The plans for Cambridge's new synagogue are approved

Artist's impression of Beth Shalom Reform Synagogue
Image caption Artist's impression of the front of the synagogue from Aukland Road in central Cambridge

The plans for Cambridge's first purpose-built synagogue have been approved by Cambridge City Council.

Last year the Beth Shalom Reform Synagogue finally secured a site for a permanent base after a 20-year search.

"It's a modern design which is trying to fit in with a Victorian row of houses and a very modern block of flats," said Frank Harris, chairman of the synagogue's building committees

He hopes the congregation can move in some time in 2013.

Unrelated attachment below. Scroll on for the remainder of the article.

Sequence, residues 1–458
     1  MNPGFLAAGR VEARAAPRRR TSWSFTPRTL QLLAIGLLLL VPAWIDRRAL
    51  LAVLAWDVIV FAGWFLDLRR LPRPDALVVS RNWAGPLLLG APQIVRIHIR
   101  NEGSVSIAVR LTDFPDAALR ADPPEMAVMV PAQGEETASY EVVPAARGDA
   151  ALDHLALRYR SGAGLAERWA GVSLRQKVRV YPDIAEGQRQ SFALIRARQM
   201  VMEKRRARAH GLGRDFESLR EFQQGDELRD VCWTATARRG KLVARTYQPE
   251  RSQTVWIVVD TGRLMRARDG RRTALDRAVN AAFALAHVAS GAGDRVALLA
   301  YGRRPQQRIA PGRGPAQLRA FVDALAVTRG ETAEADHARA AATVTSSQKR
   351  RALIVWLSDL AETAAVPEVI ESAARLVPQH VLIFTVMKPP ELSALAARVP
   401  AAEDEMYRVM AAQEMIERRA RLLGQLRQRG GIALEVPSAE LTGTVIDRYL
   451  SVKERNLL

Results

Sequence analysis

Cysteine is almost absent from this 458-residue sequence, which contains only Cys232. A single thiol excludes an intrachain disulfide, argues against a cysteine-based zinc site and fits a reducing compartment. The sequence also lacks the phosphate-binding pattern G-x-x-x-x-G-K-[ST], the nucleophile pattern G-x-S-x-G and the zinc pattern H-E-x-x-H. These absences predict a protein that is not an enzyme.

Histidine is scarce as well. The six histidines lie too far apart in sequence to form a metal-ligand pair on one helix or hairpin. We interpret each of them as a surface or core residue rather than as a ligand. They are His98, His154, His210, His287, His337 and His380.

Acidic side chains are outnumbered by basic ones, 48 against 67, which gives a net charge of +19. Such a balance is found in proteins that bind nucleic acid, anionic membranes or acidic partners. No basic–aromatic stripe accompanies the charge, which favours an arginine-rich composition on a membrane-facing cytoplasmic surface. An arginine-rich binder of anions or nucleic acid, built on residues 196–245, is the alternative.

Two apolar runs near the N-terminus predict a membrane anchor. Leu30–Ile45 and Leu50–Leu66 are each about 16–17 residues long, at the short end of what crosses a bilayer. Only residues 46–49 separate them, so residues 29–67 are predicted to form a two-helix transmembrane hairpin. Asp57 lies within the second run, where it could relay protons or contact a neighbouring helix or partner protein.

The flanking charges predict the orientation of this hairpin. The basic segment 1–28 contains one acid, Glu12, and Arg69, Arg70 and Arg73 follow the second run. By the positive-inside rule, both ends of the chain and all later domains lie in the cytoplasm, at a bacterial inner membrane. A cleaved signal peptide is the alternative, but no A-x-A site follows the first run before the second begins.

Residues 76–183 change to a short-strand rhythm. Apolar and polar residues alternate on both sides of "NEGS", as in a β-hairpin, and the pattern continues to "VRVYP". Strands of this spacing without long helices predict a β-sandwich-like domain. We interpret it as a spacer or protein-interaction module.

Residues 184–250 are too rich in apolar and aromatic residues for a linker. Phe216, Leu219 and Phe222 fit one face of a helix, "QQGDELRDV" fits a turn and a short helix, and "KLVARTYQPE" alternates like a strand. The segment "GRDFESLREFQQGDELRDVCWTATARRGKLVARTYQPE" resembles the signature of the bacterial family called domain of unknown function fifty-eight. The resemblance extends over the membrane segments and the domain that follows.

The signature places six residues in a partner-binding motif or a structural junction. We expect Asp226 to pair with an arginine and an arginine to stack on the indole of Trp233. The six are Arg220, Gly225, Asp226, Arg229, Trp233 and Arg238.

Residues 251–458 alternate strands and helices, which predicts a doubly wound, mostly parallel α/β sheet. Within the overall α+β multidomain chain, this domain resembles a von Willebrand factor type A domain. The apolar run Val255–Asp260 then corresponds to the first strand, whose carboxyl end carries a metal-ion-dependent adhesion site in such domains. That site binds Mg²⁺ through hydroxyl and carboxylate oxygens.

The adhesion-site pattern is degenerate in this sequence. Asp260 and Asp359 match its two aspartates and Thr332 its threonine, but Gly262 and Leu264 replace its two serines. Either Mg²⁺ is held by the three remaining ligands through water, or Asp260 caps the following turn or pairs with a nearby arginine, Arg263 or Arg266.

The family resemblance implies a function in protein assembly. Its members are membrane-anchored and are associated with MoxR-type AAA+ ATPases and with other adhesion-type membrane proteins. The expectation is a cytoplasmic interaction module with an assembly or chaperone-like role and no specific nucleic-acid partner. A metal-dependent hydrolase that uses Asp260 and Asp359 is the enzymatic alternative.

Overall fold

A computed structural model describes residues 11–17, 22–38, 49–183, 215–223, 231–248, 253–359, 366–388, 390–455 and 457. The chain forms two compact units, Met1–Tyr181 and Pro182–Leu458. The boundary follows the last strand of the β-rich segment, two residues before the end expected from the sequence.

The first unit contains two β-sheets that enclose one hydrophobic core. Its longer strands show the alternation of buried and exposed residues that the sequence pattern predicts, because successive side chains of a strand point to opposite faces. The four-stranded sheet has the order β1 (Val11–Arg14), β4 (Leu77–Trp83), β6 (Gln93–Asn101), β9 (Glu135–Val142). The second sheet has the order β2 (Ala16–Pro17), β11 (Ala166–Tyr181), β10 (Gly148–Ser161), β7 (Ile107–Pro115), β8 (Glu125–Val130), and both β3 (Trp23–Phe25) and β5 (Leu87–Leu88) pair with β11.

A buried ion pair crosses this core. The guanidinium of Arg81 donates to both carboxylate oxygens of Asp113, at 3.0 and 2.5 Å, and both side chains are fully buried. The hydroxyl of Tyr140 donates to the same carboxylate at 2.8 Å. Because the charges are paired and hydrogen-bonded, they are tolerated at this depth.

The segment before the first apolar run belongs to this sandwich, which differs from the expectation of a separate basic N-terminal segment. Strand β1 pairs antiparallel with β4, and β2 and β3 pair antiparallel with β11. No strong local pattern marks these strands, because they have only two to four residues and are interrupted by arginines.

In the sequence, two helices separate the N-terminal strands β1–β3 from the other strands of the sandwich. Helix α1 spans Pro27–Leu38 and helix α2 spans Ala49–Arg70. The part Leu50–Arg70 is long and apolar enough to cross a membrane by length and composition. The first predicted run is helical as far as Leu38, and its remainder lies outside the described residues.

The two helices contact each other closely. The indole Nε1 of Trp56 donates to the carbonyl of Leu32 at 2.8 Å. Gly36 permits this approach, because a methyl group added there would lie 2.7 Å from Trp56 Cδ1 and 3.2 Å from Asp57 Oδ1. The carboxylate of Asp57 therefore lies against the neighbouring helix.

"Internally there will be a feeling of light and of a good place to go and worship," he continued.

"So it will be very bright and the walls will be light. It's there to give a feeling of peace and tranquillity."

The £1.7m plans include a synagogue hall for 200 people, a library, a community room, disabled parking and bike racks.

Nomadic existence

Beth Shalom Reform Synagogue was founded in 1981 and now has the largest congregation in East Anglia.

Over 250 adults regularly attend and there is a thriving youth programme.

But over the years it has had a nomadic existence, moving between rented and borrowed accommodation.

Image caption Artist's impression of the synagogue from Midsummer Common

Last year it bought a plot on Aukland Road in central Cambridge and commissioned Whittlesford architects Cowper Griffith to draw up plans.

A condition of the purchase was that the access across the site to Midsummer Common would be maintained.

"There are gates on both ends [of the synagogue]," said Mr Harris. "But they will be open gates, not locked."

The latest CCTV technology and infrared lights will provide security for the site.

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